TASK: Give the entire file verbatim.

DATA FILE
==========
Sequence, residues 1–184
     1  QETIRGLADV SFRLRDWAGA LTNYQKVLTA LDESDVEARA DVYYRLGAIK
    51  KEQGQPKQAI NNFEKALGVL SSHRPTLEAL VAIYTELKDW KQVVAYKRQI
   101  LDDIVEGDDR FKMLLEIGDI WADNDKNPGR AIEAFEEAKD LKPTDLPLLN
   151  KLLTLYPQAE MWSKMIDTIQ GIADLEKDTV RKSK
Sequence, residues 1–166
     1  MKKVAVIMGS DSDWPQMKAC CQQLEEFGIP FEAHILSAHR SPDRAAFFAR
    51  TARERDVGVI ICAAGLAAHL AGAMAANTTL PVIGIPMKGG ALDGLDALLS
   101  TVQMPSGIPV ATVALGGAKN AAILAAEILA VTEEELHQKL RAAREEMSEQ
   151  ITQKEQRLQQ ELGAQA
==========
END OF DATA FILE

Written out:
Sequence, residues 1–184
     1  QETIRGLADV SFRLRDWAGA LTNYQKVLTA LDESDVEARA DVYYRLGAIK
    51  KEQGQPKQAI NNFEKALGVL SSHRPTLEAL VAIYTELKDW KQVVAYKRQI
   101  LDDIVEGDDR FKMLLEIGDI WADNDKNPGR AIEAFEEAKD LKPTDLPLLN
   151  KLLTLYPQAE MWSKMIDTIQ GIADLEKDTV RKSK
Sequence, residues 1–166
     1  MKKVAVIMGS DSDWPQMKAC CQQLEEFGIP FEAHILSAHR SPDRAAFFAR
    51  TARERDVGVI ICAAGLAAHL AGAMAANTTL PVIGIPMKGG ALDGLDALLS
   101  TVQMPSGIPV ATVALGGAKN AAILAAEILA VTEEELHQKL RAAREEMSEQ
   151  ITQKEQRLQQ ELGAQA